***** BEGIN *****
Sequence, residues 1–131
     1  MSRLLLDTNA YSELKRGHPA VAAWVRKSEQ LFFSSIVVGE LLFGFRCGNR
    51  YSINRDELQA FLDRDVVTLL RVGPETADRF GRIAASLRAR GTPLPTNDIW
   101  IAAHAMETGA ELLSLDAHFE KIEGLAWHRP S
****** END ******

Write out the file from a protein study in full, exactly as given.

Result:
Sequence, residues 1–131
     1  MSRLLLDTNA YSELKRGHPA VAAWVRKSEQ LFFSSIVVGE LLFGFRCGNR
    51  YSINRDELQA FLDRDVVTLL RVGPETADRF GRIAASLRAR GTPLPTNDIW
   101  IAAHAMETGA ELLSLDAHFE KIEGLAWHRP S